Are There Sex Differences in Geographic Knowledge and Understanding?


Kitchin, Rob (1996) Are There Sex Differences in Geographic Knowledge and Understanding? The Geographical Journal, 162 (3). pp. 273-286.

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Abstract

Research by both geographers and psychologists suggests that there are differences in females' and males' everyday geographic and spatial knowledge. These differences in knowledge have been attributed to variances in biology and hormonal levels; differences in social status, culture and education; and differences in the ability to answer questions and think about geographic space. This paper examines these theories and explores the everyday geographic knowledge of females and males using both quantitative exercises and qualitative interviews. In contrast to most studies, only a few minor differences were found between females' and males' knowledge, their ability to answer the questions set and the strategies of spatial thought employed and it is suggested that any differences found between the sexes in other studies are due to socio-cultural factors reinforcing gender stereotypes.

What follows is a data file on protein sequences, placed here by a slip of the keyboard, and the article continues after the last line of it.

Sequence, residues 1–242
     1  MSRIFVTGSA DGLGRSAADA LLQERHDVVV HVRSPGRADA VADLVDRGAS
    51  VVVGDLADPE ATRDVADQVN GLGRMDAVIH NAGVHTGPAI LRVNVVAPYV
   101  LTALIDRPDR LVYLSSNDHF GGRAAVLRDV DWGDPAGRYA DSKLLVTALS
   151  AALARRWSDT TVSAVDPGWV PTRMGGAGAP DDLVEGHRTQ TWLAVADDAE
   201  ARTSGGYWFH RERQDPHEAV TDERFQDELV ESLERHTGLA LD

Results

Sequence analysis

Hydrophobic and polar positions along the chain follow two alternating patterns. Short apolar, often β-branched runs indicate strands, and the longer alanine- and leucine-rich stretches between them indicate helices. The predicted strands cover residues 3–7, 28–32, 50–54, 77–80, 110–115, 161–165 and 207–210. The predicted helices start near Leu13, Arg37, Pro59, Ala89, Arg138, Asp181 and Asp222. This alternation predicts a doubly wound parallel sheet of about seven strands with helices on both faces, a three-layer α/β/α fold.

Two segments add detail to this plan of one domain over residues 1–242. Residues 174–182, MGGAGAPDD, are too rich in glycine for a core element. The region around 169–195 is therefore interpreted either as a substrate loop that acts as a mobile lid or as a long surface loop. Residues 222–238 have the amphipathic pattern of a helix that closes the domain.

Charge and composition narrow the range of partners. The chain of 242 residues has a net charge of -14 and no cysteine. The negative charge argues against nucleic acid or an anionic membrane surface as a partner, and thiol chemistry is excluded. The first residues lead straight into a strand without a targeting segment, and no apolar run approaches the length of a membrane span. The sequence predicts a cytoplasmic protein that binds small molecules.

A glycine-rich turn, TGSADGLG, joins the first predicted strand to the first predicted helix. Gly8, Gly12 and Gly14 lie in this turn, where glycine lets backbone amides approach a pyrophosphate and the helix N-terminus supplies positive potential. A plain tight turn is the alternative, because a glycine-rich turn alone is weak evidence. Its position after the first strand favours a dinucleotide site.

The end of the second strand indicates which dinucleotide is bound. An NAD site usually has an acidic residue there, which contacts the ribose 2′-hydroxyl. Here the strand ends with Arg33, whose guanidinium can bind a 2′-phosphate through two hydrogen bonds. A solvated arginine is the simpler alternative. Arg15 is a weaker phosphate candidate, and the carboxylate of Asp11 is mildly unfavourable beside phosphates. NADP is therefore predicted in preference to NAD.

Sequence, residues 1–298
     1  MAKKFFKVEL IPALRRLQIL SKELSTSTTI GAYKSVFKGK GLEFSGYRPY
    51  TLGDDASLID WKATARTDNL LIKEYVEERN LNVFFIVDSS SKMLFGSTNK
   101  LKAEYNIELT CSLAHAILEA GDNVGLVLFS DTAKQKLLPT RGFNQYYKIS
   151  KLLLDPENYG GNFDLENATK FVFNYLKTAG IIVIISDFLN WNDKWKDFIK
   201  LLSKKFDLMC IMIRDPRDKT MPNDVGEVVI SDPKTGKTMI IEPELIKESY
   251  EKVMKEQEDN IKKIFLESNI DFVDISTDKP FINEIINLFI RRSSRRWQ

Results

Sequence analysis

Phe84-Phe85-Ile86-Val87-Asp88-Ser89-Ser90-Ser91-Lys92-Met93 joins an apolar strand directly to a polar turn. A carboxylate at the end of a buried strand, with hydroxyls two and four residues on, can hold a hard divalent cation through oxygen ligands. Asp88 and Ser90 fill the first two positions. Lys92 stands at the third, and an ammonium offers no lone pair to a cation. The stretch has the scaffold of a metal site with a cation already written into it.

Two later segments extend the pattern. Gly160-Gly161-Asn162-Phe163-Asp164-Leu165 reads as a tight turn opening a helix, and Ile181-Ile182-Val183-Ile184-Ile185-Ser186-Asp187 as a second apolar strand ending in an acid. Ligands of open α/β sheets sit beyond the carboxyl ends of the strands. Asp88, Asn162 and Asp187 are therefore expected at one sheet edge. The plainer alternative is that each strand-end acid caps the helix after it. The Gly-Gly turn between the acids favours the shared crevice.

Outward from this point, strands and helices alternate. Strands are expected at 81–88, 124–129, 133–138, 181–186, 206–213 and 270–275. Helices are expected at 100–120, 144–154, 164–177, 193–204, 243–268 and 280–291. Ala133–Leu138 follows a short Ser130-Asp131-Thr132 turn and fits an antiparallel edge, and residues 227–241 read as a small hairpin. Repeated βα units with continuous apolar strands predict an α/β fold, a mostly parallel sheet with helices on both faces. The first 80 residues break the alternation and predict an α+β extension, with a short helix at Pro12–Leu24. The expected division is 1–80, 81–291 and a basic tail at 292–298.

Item Type: Article
Keywords: sex differences; cognitive map knowledge; spatial ability;
Academic Unit: Faculty of Social Sciences > Geography
Faculty of Social Sciences > Research Institutes > National Institute for Regional and Spatial analysis, NIRSA
Item ID: 5404
Depositing User: Prof. Rob Kitchin
Date Deposited: 17 Sep 2014 16:28
Journal or Publication Title: The Geographical Journal
Publisher: The Royal Geographical Society
Refereed: Yes
URI:

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